How do you prevent and even treat fibromyalgia, a disease that in recent times is gaining more and more attention based on the high frequency with which it occurs? “Fibromyalgia syndrome or fibromyalgia – explains Professor Bianca Marasini, Head of the Operating Unit for Rheumatology at Humanitas Hospital- can affect children and adults, but it especially affects women around the ages of 40-50. It is a disease that, in addition to being very frequent, is also subtle: it is called the “invisible disease” because all examinations relating to the syndrome come back negative and the patient appears healthy, although they are not.”
What is fibromyalgia and how can it be recognized?
The symptoms vary, explains the rheumatologist specialist: “The main symptom associated with fibromyalgia is widespread pain all over the body, which can occur at any hour of the day and even at night, and generally impedes an individual’s movement. The pain is never associated with swelling or redness in the joints, which is what, makes the diagnosis difficult. Other symptoms that often occur include fatigue, disturbed sleeping pattern, headache, abdominal pain, difficulty concentrating, constipation, diarrhea, feeling of fullness, and feeling of swollen hands and feet.”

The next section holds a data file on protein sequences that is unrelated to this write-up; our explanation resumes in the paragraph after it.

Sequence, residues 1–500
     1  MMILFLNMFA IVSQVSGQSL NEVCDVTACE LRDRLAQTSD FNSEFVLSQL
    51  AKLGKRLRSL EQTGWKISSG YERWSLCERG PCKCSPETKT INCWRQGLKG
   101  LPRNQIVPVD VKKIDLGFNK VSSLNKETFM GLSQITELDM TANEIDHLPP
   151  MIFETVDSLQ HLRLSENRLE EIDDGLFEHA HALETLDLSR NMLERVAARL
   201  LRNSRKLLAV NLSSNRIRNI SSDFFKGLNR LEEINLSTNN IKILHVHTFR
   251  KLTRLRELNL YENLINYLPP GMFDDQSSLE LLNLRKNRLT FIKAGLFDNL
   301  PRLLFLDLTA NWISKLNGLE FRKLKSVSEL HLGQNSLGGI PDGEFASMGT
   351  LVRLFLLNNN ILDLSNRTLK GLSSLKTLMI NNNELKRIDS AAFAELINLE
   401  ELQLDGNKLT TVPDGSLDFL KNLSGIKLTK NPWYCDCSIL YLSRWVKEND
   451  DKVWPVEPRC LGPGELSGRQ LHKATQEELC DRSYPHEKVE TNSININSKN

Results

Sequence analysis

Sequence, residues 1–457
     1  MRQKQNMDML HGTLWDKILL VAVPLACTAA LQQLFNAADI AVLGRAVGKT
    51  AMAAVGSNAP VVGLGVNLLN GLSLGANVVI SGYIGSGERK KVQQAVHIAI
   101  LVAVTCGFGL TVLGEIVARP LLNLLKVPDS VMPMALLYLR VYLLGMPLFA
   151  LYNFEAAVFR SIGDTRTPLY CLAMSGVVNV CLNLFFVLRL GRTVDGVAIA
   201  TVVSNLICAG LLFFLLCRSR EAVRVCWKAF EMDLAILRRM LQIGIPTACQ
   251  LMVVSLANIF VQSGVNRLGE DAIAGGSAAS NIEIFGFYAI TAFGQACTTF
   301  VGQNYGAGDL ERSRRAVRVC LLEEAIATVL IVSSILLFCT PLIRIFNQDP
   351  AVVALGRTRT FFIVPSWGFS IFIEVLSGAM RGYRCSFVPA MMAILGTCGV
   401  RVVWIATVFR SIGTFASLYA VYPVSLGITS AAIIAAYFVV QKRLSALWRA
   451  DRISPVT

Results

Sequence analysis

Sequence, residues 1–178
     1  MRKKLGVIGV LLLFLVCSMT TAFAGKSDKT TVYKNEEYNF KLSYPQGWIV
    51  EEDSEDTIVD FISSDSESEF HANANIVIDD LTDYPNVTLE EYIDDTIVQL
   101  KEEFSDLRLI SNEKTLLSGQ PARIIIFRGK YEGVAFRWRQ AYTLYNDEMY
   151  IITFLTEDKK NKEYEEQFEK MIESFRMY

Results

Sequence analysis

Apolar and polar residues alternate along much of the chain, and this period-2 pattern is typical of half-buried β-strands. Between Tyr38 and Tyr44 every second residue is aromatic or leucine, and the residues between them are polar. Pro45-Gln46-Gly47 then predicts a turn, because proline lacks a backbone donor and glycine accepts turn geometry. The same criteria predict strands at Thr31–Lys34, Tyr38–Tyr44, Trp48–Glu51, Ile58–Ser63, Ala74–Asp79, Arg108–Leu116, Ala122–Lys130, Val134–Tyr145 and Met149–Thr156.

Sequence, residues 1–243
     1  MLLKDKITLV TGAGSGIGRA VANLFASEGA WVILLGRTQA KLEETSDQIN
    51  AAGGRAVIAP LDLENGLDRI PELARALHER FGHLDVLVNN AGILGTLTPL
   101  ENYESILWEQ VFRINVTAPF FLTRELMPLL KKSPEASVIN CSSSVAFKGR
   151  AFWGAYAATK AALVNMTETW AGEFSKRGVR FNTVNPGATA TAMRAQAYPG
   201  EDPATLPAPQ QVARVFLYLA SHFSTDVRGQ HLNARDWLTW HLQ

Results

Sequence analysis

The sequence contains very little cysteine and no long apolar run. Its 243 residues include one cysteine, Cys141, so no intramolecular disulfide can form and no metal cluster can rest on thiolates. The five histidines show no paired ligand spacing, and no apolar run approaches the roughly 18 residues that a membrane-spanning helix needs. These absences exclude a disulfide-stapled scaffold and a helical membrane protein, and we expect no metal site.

These are the symptoms that should suggest the presence of fibromyalgia and trigger the alarm to take action and prevent it from worsening. As mentioned, the widespread pain should be especially treated even though it is not associated with signs of inflammation. “We still know very little about the causes of fibromyalgia, however, we believe there is an alteration to the base of the pain by which the brain processes the signals, amplifying the sensitivity. For this reason, the first therapeutic approach is directed to drugs that regulate the activity of the neurotransmitters, i.e. substances – in particular serotonin and norepinephrines – this regulate the level of pain perception educed by the central nervous system.”
Fibromyalgia: mental and physical stress
A characteristic of fibromyalgia is that it often occurs in periods following stress, whether mental or physical. “Due to this reason – concludes Professor Marasini – the patient with fibromyalgia must be treated and should never be left alone. Fibromyalgia is not dangerous, it does not involve complications, and it does not cause deformity, however it is a real illness that should be treated even with an educational program, which aims to strengthen an individual’s ability to manage pain and stress. Drug therapy and psychological support should be implemented whenever necessary and always associated with a physical activity program that is gradual yet continuous.”